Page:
Beyond the traditional (easy) posts about exhibition opening hours and family activities, there are many opportunities to take the museum experience — that sense of awe and wonder at seeing amazing objects — and share it online.
A blog post on ‘being the eyes of your followers’ by Will Stanley, Press Officer at the Science Museum, London
I can’t find any info on it. It’s a pretty cool detail and was just wondering if anyone can shed any light?
I can answer this!
Ichabod is shooting a pistol, so therefore he would default to the position he learned to shoot a pistol. During the Revolution (and the time surrounding it), they used flintlock pistols. Flintlocks were extremely inaccurate, and therefore outside of war, their most popular use was dueling.
There are a couple of reasons that I will posit he does this:
1) The two-handed pistol grip did not become common until the 2nd half of the 20th century. The most common citation for the position is the Weaver Stance, which dates to the late 1950s.
2) As flintlocks were commonly used for dueling, proper stance would indicate that you present the smallest target to the person shooting at you. Therefore, they would turn their bodies parallel and make one continuous line.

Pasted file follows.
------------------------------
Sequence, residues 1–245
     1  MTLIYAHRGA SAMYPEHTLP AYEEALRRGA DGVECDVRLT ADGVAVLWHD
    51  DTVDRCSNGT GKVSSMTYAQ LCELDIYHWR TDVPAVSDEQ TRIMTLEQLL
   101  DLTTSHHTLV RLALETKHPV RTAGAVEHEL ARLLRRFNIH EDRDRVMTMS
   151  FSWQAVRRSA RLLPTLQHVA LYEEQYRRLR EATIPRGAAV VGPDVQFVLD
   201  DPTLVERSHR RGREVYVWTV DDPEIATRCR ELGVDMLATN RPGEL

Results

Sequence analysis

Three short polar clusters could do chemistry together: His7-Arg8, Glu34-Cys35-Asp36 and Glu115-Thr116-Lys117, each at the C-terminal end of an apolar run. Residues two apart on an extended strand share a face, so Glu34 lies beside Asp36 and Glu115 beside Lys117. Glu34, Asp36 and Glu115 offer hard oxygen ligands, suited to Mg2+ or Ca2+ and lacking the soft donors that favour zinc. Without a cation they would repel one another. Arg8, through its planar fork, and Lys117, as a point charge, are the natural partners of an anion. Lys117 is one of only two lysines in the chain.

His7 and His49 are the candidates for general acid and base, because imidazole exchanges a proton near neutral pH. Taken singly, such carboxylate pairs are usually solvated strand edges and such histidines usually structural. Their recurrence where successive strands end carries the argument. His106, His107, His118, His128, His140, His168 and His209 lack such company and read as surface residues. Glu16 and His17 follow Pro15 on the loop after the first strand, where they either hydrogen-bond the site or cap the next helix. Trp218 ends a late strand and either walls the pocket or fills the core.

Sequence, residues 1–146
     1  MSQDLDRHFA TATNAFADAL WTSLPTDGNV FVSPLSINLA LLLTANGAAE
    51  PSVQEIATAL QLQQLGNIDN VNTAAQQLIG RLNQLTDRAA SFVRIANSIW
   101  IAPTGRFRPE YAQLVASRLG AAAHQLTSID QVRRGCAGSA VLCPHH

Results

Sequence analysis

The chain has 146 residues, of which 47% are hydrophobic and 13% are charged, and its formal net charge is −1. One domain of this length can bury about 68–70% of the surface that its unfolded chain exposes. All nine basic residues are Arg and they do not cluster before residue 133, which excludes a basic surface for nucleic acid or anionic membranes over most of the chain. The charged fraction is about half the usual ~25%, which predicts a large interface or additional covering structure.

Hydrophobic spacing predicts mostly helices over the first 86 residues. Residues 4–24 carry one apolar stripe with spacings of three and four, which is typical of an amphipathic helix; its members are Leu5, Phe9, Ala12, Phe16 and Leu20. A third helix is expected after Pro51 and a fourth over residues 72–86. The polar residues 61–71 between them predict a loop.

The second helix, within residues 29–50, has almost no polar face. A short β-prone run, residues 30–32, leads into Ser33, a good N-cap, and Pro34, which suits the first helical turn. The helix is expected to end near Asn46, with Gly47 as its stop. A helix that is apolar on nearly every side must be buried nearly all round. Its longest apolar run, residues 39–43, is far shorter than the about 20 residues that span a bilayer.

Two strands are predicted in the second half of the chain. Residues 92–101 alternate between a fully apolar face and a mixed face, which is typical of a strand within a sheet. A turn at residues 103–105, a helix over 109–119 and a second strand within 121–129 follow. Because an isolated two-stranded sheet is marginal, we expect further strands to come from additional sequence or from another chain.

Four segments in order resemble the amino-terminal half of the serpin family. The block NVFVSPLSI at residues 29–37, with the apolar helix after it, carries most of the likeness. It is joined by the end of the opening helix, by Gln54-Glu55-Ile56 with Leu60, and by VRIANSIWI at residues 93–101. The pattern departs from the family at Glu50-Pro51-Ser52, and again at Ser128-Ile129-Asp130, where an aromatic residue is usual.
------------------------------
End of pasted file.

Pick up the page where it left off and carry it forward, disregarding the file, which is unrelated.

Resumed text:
3) Guns at that time, were prone to terrible failure, maiming the shooter. One-handed stance it is, to minimize potential damage.
4) Even if he were using a cavalry pistol, he would still shoot one-handed. You needed the other hand for your reins. That carries through to his ground stance as well.
5) As for the hand behind the back, it was a fairly common stance, especially for dueling. Besides looking good (which, believe it or not, is a pretty common reason for shooting stances), the arm behind the back provides a cantilever along the shooting axis. As I said, he would be shooting one-handed, with his body facing outward and his arm on the same plane as his body. Putting his arm/hand behind his back acts as a steadying force and balance that would allow for aiming what would have been a quite heavy pistol.
tl;dr He shoots that way because it’s what he would have been taught back in the 1760s/70s as proper pistol technique.